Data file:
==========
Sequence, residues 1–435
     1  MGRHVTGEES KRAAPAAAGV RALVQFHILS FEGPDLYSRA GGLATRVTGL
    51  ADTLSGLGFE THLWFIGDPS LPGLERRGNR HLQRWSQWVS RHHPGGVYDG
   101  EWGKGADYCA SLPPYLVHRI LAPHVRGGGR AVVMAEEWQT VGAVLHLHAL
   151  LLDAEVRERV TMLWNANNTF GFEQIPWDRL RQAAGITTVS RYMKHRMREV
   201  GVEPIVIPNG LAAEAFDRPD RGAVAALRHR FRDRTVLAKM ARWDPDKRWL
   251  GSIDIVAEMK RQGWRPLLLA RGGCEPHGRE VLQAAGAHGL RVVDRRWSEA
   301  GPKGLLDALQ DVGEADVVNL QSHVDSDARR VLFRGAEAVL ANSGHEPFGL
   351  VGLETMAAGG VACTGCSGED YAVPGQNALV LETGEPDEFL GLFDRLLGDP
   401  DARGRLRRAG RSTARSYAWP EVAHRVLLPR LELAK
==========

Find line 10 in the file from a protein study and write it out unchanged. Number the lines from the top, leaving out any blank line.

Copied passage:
   401  DARGRLRRAG RSTARSYAWP EVAHRVLLPR LELAK